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Website specifications

Discussion in 'Website Design Forum:' started by Edge, Mar 19, 2015.

  1. Edge

    Edge Active Member

    It's surprising the number of times I'd found it quite hard to actually get someone to be specific about what they want. Brief email, quick phone call and they want a quote - makes me run mile. I understand that for some creating a specification may be their first time so here's a website specification guide to helping you. if you don't want to read that, in summary your spec should have the following:
    • some backgrounf information about your company and business model
    • Specific objectives of the website
    • Target audiences
    • Competitor analysis
    • Your plans for managing content
    • Specific functionality
    • Browsers, devices and OS's which need supporting
    • Some likes and dislikes
    • Delivery timescales
    • Any SEO, social media or PPC required
    • Budget

    It doesn't have to be totally comprehensive but at least provide something in writing to get the conversation going and to show us you mean business!
  2. bigdave

    bigdave Moderator Staff Member

    Useful reading!

    I frequently come up against this as a lot of my work is through a third party who 'remembers' what was discussed in meetings and calls me a few days later to pass it on. :dizzy:

    I find the toughest one is extracting a deadline/timescale from people. They always start with "Oh there's no rush"... then 2 weeks later are desperate to have the site live for the big trade show that weekend.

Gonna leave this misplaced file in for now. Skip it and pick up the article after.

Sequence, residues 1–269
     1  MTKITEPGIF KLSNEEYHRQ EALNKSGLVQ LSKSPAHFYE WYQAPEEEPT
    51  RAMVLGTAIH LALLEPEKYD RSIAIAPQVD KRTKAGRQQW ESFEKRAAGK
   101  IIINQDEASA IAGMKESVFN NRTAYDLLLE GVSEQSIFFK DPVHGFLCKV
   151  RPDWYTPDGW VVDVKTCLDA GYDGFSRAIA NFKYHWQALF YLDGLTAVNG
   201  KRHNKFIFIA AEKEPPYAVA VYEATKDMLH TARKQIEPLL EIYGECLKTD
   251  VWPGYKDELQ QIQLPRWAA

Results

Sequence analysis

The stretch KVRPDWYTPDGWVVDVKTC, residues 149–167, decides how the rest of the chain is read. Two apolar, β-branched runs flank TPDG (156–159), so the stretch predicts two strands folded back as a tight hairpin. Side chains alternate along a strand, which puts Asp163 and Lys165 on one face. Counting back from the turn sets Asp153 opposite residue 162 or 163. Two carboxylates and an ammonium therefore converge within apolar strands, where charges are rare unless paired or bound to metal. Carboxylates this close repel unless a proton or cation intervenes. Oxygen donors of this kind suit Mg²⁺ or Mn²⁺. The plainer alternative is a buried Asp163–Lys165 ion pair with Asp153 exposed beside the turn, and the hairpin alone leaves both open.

3. Edge

    Edge Active Member

    Yup - I get that. Stock reply is 'show me something in writing that says you wanted this'. If it was so important why wasn't it in the spec or at least an email - why was it only mentioned in a meeting? I specifically say in the contract anything discussed in a meeting does not form a part of the scope of the work - it has to be in the spec. Often ideas ARE discussed in meetings and often they are abandoned in the same meeting.
  4. Robert Broley

    Robert Broley New Member

    I find that a lot of the time, the client does not know what they want. So eventually you come up with something they like and they are all happy. The project is live, then a few months later it was not what they agreed and suddenly they hate it.
  5. Edge

    Edge Active Member

    I think one of the major problems is there is no budget for an ongoing marketing campaign which would do something with the new website and they sit there expecting amazing things and all of a sudden nothing happens.
  6. Robert Broley

    Robert Broley New Member

    It is the same with a budget. They expect an amazing website but wont pay for it. This sums it up perfectly How a Web Design Goes Straight to Hell - The Oatmeal
  7. Paul Murray

    Paul Murray Moderator Staff Member

    Budget for a 'basic site' – anywhere from £1000 to £3000

    Budget for marketing said site – £0

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